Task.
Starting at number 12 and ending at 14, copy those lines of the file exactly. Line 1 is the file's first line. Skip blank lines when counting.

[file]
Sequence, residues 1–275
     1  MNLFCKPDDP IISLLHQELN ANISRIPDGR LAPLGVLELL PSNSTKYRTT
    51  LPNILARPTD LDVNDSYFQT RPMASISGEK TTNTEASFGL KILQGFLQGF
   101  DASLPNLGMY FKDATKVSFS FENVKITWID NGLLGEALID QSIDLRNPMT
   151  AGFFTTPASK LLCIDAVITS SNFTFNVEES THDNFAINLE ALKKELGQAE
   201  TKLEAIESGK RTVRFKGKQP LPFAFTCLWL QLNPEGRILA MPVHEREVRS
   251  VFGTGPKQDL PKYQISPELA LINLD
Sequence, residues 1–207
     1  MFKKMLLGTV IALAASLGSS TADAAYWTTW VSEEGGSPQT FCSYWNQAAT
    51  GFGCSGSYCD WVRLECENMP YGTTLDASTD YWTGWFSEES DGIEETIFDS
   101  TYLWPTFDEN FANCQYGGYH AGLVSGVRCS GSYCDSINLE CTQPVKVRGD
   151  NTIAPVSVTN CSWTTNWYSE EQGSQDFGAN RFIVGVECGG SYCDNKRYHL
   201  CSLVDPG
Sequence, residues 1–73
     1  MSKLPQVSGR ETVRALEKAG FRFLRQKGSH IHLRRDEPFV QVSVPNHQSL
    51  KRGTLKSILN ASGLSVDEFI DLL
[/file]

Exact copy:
   151  NTIAPVSVTN CSWTTNWYSE EQGSQDFGAN RFIVGVECGG SYCDNKRYHL
   201  CSLVDPG
Sequence, residues 1–73